Annual health checks for young people with a learning disability

Annual health checks for young people with a learning disability

Our trustee Clare Peck explains how to make the most of the annual health checks that GPs are now offering for young people with a learning disability from the age of 14 years.
  • Many of our youngsters with a disability have been served by a model that involves the Ryegate Children’s Centre and the Sheffield Children’s Hospital, often with very little involvement from the GP. As they become adults, the model changes so that the GP becomes the key clinician who oversees referrals to specialist departments and the adult learning disability team. As a GP as well as a mum of a child going through this transition, I thought it might be helpful to look at ways to make this transition work well.

    From 2015, most GPs in the city have been offering an annual health check to people with a learning disability from the age of 14 years. Here are some thoughts about how to make the check more useful.

    Before the appointment:

    • Make a list of the different health issues, so you can check the GP has them all summarised on the computer and there is clarity about who is taking responsibility.
    • List any health concerns that you currently have (hopefully you will receive a questionnaire before the appointment to help with this).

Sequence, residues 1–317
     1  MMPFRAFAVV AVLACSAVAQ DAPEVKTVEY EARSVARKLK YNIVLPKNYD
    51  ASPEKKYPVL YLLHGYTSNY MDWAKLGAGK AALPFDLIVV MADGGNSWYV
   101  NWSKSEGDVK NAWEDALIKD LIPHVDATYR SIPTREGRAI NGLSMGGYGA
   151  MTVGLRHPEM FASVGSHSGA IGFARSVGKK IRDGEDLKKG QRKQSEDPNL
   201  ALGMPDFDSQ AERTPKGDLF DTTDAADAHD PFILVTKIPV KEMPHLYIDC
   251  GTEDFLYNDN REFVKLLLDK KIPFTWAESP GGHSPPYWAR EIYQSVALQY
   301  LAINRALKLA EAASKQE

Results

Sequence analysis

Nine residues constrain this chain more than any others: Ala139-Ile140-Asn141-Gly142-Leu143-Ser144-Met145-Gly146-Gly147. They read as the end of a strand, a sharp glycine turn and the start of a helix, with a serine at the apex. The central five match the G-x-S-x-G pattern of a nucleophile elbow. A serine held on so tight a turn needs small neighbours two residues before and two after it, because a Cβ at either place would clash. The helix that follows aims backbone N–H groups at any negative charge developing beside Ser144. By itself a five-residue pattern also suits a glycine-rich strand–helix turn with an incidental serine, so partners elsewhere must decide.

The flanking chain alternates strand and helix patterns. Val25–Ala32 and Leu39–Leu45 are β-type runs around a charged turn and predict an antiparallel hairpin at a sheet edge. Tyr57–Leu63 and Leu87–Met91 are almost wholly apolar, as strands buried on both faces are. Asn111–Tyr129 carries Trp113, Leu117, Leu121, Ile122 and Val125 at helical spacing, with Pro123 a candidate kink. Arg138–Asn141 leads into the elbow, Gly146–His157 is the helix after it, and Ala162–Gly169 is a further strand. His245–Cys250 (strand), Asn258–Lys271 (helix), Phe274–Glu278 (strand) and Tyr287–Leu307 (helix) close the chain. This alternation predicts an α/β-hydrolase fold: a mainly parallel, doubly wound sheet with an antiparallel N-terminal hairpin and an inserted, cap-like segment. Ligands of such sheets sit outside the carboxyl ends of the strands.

• Ask if a nurse or a doctor will be doing the check. If the young person’s health issues are complex, would the GP be the best person to begin with?
    • Would the first appointment be better without the young person (assuming their consent), to bring the GP up to speed?

    Think about:

    • Will the practice need to make reasonable adjustments to care for your child? (e.g. routine appointments booked at quieter times, ways of coping if the waiting room is busy, best ways of communicating)
    • Ask for these adjustments to be flagged on your child’s notes as an alert; this will help the receptionist at the point of phoning. (N.B. You don’t have to wait until your child is 14 to do this!)
    • What monitoring needs to be done? Do you need to introduce your child slowly to the practice to get them used to having weight monitoring, blood pressure checks or blood tests?
    • Would a one-page profile or a hospital passport (see box) be helpful?
    • What knowledge needs sharing about a maybe rare condition?

    Finally, make sure your young person is accompanied by someone who knows their medical issues well.

    Click here to download a hospital passport form that you can complete on your computer.

    By Clare Peck, SPCF trustee

Page last updated: 16th April 2020